Las Vegas-based Allegiant Travel Co. rode record first-quarter highs in average fares and air-related ancillary charges to record its 45th straight profitable quarter, the company announced Wednesday.
The parent company of Allegiant Air reported net income of $34.1 million, or $1.86 a share, in the company’s first quarter ended March 31, up from net income of $31.9 million, or $1.65 per share, a year earlier.
Double-digit percentage increases in average fares and ancillary revenue — the fees and charges Allegiant passengers pay for things like seat selection and baggage fees — resulted in a 10.8 percent increase in operating revenue.
The air-related charges offset a slight decline in third-party ancillary revenue from things like hotel room sales. Allegiant signed a new prepurchase room agreement for Las Vegas hotel rooms late in the fourth quarter with market rates that weren’t as favorable to the company. The airline did not disclose the identity of the company or details of the agreement.
“We went from a very favorable agreement to no agreement to now an agreement that is better than no agreement but not as favorable as the prior one we had,” Allegiant Travel President Andrew Levy told analysts on a conference call.
While Allegiant is based in Las Vegas, most of its growth in the past year has occurred on the East Coast, where the company has scheduled flights to four Florida destinations. The company’s previously announced plans to develop a seasonal base in Myrtle Beach, S.C., will be implemented next month. Twelve new routes, most of them in the East, begin in May.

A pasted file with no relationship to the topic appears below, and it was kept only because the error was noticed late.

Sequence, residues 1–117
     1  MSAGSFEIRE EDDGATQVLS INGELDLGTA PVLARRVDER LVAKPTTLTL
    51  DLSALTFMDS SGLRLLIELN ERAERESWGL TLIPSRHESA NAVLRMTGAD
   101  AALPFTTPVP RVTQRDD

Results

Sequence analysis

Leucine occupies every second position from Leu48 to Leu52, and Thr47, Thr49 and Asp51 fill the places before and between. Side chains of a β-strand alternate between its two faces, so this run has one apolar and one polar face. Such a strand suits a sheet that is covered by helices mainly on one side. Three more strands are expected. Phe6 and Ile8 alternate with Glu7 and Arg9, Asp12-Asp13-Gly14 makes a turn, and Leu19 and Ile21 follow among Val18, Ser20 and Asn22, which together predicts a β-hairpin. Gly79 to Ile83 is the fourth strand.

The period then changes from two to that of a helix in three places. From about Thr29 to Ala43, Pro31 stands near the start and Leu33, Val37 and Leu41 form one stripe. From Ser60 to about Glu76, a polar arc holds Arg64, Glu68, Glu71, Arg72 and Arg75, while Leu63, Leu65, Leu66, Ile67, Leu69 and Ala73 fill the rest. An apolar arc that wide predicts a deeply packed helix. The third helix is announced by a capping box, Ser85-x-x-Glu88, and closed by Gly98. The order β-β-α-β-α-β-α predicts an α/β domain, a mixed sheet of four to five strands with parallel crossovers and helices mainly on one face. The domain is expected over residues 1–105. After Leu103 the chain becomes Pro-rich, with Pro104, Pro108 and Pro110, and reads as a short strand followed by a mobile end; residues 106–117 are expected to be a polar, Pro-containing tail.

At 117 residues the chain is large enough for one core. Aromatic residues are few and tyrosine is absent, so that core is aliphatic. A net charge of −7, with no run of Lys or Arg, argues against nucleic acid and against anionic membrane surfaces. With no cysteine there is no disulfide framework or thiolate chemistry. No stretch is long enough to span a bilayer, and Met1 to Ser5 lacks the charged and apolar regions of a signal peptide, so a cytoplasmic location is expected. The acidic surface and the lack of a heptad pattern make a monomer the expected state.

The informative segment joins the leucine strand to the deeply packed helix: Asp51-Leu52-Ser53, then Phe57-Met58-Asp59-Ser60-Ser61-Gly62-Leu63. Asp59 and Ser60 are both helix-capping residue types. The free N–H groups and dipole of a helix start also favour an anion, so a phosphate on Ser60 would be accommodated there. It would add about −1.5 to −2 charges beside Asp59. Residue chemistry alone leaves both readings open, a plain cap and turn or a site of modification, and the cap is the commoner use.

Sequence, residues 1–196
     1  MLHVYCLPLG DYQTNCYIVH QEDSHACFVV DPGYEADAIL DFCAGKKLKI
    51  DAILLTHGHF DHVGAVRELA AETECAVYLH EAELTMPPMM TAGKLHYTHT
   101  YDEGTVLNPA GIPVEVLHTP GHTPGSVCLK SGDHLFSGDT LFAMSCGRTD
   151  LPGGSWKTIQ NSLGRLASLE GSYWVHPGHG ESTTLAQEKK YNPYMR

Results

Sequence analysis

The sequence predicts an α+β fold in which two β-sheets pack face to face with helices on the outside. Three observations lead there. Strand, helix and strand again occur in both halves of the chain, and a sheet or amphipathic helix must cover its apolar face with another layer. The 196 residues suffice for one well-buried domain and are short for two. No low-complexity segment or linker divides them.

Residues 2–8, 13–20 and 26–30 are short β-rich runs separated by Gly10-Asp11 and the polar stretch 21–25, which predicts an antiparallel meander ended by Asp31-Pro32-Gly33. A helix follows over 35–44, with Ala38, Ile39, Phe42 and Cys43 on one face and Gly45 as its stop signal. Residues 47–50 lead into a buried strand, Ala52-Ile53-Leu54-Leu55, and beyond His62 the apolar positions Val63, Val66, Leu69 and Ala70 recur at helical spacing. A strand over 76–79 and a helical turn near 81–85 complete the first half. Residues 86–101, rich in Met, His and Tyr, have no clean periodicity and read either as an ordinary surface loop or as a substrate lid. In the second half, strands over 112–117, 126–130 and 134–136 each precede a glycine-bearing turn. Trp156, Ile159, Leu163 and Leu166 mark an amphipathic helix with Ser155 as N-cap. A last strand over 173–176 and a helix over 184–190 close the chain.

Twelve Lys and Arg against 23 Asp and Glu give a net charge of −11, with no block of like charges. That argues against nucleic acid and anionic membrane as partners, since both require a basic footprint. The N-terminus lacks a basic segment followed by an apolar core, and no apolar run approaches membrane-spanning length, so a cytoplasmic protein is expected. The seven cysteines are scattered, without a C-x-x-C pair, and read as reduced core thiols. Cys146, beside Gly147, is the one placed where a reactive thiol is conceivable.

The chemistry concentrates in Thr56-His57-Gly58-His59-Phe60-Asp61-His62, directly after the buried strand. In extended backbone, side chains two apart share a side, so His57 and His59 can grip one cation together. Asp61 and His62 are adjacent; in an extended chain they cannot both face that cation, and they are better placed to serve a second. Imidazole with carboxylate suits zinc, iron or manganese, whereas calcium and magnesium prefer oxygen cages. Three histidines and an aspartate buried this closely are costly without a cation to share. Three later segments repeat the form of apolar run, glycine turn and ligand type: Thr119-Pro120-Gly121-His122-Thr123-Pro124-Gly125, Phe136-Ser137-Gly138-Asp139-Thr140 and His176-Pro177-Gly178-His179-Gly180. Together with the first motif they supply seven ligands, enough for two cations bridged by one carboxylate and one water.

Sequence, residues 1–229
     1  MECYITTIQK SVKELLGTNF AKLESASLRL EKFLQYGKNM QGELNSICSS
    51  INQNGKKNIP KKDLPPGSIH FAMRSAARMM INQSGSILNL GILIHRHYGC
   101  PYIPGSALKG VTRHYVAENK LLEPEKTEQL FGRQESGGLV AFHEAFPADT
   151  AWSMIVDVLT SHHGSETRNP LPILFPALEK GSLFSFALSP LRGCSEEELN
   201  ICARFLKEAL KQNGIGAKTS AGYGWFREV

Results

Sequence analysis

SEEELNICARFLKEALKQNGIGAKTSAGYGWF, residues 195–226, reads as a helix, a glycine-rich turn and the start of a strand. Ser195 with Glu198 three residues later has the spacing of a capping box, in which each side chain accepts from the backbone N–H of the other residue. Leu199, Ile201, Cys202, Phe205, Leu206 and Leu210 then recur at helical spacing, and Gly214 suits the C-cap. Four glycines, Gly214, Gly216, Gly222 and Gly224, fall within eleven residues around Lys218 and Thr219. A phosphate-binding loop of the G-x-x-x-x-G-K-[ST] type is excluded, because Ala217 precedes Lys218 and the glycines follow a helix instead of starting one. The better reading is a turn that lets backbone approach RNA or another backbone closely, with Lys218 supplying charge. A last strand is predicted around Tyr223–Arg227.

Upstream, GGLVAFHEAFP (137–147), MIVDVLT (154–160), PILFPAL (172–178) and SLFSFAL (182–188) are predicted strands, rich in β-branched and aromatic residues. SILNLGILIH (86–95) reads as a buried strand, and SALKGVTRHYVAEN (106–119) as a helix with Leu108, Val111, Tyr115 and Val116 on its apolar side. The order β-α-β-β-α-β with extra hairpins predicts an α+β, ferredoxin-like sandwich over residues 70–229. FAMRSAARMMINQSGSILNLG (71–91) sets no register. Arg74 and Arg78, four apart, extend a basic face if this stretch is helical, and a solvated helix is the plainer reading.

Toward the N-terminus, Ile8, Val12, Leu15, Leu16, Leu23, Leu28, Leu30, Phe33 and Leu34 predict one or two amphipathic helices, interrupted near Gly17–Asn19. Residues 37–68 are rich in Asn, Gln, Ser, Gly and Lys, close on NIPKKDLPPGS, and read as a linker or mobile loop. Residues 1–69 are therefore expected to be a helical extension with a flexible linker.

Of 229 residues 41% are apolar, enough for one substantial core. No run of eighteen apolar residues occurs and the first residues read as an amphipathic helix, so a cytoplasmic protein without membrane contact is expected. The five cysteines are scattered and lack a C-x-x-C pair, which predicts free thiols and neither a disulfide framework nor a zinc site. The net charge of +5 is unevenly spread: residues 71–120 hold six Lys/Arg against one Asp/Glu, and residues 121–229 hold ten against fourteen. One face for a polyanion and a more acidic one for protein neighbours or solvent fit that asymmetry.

In the first quarter, the average fare for an Allegiant flight was $146.51 — $99.52 for the airfare, $41.79 in fees and $5.20 in third-party transactions.
Allegiant carried 2 million passengers in the quarter, a 10.9 percent increase over the first quarter of 2013, and planes were 88.5 percent full with paying customers, a decline of 1.3 percentage points from the first quarter of 2013.
Levy said Allegiant ended the quarter with 10 Airbus jets on its routes and the airline is looking to add nine more by the end of 2015 to improve the airline’s overall fuel efficiency.
But Allegiant may have some higher costs on the horizon.
The company told analysts it expects costs per available seat mile to climb with fuel prices expected to rise 2 percent to 3 percent and nonfuel costs by 5 percent to 7 percent.
The jet fleet is entering a cycle of heavy maintenance checks and the company also is expecting increases in salaries and wages.
On the labor front, Levy said the company recently had its first contract negotiations with dispatchers and will have mediation sessions with pilots next week and mediation with flight attendants next month.